Things to Do

Louis CK Will Host the Radio and TV Congressional Correspondent’s Dinner (No, Not the White House One)

The edgy comedian will head to Washington next summer.

Louis CK performing standup earlier this year. Photograph courtesy of Flickr user aTROSSity 22.

No one can accuse next year’s 68th Annual Radio and TV Congressional Correspondents’ Dinner of playing it safe. Comedian Louis CK—whose standup act is usually described using a combination of words like “dark,” “profane,” “genius,” and “sort of mean”—will be headlining the black-tie event. And despite what reports from various media outlets would have you believe, it is not the same thing as the White House Correspondents’ Dinner, which is usually the highlight of the Washington season (and was this past year hosted by SNL’s Seth Meyers).

The event boasts a guest list that usually includes the President and congressional leaders, but it still plays second fiddle to the flashy White House Correspondents’ Dinner. Commentators are already comparing CK’s selection to that event’s 2006 speaker, Stephen Colbert, who delivered a pugnacious performance aimed at President Bush, who was sitting just feet away.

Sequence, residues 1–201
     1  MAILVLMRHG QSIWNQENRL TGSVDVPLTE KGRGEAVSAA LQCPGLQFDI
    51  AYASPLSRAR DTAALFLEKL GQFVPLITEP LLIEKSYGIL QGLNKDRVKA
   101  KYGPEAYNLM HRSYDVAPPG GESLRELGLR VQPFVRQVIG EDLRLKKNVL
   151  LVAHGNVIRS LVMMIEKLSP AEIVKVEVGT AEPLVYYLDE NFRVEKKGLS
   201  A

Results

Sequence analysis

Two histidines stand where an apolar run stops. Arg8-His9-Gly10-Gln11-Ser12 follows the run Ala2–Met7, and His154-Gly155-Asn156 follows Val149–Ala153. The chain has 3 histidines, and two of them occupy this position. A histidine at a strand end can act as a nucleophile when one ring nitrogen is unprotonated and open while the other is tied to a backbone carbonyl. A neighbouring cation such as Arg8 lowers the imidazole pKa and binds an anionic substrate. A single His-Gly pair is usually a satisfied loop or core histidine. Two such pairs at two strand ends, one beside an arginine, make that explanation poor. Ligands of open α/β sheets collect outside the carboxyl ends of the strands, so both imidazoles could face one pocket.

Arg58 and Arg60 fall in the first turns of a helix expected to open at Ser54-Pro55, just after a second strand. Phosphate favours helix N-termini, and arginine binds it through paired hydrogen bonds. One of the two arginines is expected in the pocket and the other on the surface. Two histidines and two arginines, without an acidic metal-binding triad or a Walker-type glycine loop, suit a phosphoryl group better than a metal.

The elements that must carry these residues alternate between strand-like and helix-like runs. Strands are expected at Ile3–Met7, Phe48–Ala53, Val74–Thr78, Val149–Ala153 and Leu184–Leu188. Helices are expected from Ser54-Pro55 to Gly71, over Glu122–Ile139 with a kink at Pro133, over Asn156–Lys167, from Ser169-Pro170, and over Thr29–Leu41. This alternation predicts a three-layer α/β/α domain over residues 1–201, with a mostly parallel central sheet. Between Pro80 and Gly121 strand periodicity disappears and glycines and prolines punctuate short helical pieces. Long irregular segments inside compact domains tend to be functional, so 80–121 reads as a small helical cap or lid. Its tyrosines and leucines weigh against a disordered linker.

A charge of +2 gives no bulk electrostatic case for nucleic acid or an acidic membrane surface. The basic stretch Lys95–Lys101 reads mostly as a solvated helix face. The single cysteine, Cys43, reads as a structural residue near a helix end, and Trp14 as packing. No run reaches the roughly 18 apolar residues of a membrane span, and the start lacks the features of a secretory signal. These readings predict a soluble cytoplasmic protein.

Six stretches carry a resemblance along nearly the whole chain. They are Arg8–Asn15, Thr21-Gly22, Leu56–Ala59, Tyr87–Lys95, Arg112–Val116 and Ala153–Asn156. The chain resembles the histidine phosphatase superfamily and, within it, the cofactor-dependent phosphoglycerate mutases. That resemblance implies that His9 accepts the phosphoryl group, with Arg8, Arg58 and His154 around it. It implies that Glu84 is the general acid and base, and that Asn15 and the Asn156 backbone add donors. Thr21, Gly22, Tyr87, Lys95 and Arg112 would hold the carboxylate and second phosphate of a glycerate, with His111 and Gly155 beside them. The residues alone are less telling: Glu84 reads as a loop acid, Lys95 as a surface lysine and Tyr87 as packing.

In addition to standup, CK writes, directs, produces, and stars in the FX hit Louie, which earned him two Emmy nominations earlier this year. He made news last week by putting his new standup special, Louis CK: Live at the Beacon Theater, on sale on his Web site for just $5, bypassing the traditional cable television-to-DVD approach.

His everyman style of comedy doesn’t normally stray into the political realm. After tweeting a few unprintable remarks about Sarah Palin last year, he told GQ he regretted them, saying, “I’m not a political comedian.”

The 68th Annual Radio and TV Congressional Correspondents’ Dinner will be held on June 8, 2012.

Staff Writer

Michael J. Gaynor has written about fake Navy SEALs, a town without cell phones, his Russian spy landlord, and many more weird and fascinating stories for the Washingtonian. He lives in DC, where his landlord is no longer a Russian spy.